Republicans take control of Congress on Tuesday, marking the first time since 2006 that the GOP holds both the House and Senate. Their first order of business: approving the Keystone XL pipeline, which would deliver Canadian tar sands oil to the Gulf of Mexico.
President Obama’s response: not so fast.
The White House said today that the president will veto the fast-track approval, which sidesteps the normal regulatory process.
“There is already a well-established process in place to consider whether or not infrastructure projects like this are in the best interest of the country,” White House spokesman Josh Earnest said today.
The pipeline requires approval from the federal government because it crosses an international border. Under the normal regulatory process, the Secretary of State determines whether the project “serves the national interest.”
Phase 4 of the Keystone XL pipeline would span over 1,000 miles from the Canadian province of Alberta to Steele City, Nebraska. Other sections of the pipeline have already been built.
Supporters of the pipeline expansion say that Keystone XL would boost energy production, create jobs and reduce dependence on Middle Eastern oil. Critics of the pipeline point out that the pipeline would transport foreign oil to Texas, where it would be refined and then shipped out on the world market. Environmental groups have warned that the pipeline would pose a threat to the region’s water aquifer, contribute three times as much carbon dioxide as traditional crude oil, and would create only 35 permanent jobs.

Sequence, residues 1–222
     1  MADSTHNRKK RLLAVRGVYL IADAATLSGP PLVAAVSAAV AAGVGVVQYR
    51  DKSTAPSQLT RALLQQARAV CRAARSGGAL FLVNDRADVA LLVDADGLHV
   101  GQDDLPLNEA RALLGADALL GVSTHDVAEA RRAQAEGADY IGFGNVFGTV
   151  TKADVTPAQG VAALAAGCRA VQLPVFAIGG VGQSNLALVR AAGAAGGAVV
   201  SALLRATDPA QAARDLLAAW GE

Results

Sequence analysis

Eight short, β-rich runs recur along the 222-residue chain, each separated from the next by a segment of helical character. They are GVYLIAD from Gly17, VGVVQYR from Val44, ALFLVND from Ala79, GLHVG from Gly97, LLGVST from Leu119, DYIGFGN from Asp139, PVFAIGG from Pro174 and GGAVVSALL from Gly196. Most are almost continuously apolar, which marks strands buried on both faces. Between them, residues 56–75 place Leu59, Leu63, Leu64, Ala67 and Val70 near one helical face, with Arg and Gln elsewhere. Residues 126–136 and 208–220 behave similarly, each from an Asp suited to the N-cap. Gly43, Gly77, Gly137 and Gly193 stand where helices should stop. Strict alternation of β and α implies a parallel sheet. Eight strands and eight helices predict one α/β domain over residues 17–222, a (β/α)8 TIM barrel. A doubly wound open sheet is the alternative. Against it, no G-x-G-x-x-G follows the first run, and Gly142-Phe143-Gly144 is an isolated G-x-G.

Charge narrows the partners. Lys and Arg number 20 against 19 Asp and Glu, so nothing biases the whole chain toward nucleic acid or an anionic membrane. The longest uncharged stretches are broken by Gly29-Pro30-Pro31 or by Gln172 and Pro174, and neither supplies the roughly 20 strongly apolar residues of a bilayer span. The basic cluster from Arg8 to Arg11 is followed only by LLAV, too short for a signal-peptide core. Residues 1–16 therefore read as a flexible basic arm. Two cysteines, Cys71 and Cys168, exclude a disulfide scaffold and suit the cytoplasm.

Democrats in the Senate have proposed amendments that would prevent the oil from being exported outside of the United States. A previous amendment banning the exportation of Keystone XL oil was shot down in 2012. Prospects for the amendment this time around are likely even worse now that Republicans have a majority in the Senate.
Republicans vow that they will attempt to override the president’s veto.
“We may not have enough to overcome a veto, so it may be a two-step process,” says Senator John Hoeven (R-ND).
The likely route for approval is attaching Keystone XL to a must-pass appropriations bill later in the year.
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